Character (computing)

In computer and machine-based telecommunications terminology, a character is a unit of information that roughly corresponds to a grapheme, grapheme-like unit, or symbol, such as in an alphabet or syllabary in the written form of a natural language.[1]

Examples of characters include letters, numerical digits, common punctuation marks (such as "." or "-"), and whitespace. The concept also includes control characters, which do not correspond to visible symbols but rather to instructions to format or process the text. Examples of control characters include carriage return or tab, as well as instructions to printers or other devices that display or otherwise process text.

Characters are typically combined into strings.

Historically, the term character was also used to just denote a specific number of contiguous bits. While a character is most commonly assumed to refer to 8 bits (one byte) today, other definitions, like 6-bit character code was once popular (using only upper case, while enough bits to also represent lower case, not with numbers and punctuation allowed for),[2][3] and even 5-bit Baudot code have been used in the past as well, and while the term has also been applied to 4 bits[4] with only 16 possible values, it wasn't meant to, nor can, represent the full English alphabet. See also Universal Character Set characters, where 8 bits are not enough to represent, while all can be represented with one or more 8-bit code units with UTF-8.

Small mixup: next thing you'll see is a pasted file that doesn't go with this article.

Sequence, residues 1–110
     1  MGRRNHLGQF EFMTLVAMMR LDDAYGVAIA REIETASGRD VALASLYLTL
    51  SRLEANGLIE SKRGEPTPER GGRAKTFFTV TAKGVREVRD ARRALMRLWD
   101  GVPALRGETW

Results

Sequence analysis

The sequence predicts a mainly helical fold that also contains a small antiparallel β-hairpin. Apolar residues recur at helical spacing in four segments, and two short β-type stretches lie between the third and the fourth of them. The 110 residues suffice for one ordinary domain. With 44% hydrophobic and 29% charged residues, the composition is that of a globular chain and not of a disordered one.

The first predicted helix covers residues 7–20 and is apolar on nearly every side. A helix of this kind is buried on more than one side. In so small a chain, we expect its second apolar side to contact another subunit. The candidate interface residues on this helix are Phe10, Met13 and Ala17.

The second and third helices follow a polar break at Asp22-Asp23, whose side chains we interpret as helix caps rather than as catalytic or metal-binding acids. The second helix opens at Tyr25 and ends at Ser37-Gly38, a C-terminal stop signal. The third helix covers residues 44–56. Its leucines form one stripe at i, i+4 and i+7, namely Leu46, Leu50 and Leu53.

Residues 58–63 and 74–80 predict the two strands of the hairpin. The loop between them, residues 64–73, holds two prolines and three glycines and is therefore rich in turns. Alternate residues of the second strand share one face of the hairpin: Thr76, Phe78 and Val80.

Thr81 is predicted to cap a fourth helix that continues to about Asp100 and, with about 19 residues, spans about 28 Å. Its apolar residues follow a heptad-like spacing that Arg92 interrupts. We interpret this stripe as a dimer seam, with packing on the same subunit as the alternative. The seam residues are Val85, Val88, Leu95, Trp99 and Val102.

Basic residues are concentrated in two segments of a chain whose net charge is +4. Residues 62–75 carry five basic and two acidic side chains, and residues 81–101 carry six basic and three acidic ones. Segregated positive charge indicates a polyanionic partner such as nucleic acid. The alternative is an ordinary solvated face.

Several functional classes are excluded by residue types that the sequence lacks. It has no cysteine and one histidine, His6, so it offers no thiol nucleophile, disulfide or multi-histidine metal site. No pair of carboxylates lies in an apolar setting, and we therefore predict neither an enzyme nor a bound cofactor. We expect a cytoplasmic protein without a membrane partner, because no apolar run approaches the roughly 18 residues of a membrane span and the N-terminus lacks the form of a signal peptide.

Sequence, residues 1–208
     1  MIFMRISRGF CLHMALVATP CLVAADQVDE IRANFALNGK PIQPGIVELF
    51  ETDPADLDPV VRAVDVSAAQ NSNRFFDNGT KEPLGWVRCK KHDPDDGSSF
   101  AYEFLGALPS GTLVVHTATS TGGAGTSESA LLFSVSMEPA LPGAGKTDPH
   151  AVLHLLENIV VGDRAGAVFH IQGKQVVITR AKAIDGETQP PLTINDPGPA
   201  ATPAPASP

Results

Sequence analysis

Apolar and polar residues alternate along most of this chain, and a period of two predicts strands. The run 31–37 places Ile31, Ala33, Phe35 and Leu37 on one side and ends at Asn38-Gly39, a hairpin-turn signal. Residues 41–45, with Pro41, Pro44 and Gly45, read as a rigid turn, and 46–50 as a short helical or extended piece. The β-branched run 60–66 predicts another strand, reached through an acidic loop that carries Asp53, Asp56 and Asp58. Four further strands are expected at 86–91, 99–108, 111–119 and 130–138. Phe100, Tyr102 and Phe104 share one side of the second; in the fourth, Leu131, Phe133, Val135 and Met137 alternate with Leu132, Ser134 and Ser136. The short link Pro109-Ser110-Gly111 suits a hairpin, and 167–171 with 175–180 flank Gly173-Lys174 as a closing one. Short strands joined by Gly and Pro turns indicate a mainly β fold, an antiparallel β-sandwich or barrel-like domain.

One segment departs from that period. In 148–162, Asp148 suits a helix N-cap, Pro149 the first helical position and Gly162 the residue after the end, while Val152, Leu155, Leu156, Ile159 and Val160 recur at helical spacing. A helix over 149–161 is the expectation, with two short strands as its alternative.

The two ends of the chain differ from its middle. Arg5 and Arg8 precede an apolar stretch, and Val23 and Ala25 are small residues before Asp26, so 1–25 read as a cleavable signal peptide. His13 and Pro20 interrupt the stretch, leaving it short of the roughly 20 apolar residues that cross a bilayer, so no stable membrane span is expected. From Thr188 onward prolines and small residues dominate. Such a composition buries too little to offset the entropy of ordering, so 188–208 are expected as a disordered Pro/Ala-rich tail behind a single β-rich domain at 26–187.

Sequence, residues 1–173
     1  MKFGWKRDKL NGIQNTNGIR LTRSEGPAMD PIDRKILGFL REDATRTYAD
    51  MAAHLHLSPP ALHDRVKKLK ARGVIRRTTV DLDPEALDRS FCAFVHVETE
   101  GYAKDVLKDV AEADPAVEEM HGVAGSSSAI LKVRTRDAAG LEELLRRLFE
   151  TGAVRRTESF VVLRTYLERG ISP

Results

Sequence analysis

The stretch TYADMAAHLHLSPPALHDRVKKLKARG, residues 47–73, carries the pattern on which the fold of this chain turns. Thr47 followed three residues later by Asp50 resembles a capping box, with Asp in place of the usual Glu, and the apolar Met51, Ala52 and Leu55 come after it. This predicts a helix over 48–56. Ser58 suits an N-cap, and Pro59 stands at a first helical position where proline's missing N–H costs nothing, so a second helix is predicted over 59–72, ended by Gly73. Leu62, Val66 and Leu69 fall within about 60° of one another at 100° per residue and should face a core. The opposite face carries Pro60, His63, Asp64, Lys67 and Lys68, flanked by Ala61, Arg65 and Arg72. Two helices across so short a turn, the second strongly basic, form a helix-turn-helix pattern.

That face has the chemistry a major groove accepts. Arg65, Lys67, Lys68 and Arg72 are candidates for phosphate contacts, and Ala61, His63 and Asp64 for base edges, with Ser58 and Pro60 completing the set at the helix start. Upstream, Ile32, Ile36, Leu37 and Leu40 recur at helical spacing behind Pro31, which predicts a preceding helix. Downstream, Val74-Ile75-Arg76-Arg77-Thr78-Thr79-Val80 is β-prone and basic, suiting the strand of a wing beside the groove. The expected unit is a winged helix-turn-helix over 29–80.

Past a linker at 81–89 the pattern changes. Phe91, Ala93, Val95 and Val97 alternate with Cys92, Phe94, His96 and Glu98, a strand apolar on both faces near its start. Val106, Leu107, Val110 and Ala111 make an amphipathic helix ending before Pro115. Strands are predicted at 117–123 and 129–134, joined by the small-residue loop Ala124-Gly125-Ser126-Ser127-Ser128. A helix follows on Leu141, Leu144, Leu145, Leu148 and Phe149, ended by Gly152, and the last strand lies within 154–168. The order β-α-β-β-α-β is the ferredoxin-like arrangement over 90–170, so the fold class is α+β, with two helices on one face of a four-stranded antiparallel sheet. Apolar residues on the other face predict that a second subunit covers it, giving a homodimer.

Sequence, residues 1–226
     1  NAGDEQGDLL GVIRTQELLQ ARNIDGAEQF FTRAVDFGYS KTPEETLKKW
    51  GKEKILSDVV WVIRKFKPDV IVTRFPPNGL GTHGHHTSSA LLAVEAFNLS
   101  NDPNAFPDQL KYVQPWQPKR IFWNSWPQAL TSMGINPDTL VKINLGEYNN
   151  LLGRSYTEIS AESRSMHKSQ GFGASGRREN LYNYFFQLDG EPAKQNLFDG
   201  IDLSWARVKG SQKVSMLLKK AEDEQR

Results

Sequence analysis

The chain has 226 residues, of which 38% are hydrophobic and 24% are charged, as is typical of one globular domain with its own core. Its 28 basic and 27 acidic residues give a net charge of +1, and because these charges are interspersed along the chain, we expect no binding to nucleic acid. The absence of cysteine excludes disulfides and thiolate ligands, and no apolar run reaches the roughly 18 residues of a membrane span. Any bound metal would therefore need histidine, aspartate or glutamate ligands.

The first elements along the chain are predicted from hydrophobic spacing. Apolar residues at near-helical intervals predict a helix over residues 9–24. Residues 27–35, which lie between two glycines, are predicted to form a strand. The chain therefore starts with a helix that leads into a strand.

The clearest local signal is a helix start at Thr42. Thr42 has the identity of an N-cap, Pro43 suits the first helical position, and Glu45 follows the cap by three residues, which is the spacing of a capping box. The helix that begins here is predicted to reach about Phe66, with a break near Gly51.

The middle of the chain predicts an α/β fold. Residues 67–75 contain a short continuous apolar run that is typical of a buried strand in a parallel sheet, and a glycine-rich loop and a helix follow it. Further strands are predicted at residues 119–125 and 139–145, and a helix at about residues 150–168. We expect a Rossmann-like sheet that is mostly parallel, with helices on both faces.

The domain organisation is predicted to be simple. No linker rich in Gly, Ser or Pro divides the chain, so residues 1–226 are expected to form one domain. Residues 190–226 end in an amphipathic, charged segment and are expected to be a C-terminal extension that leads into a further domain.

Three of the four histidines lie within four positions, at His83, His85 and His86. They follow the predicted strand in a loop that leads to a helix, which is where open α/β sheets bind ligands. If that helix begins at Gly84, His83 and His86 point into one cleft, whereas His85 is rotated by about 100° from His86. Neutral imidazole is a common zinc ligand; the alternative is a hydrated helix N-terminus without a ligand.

1. ^ Cite error: The named reference MW_Definition was invoked but never defined (see the help page).
  2. ^ Cite error: The named reference Dreyfus_1958_Gamma60 was invoked but never defined (see the help page).
  3. ^ Cite error: The named reference Buchholz_1962 was invoked but never defined (see the help page).
  4. ^ Cite error: The named reference Intel_1973_MCS-4 was invoked but never defined (see the help page).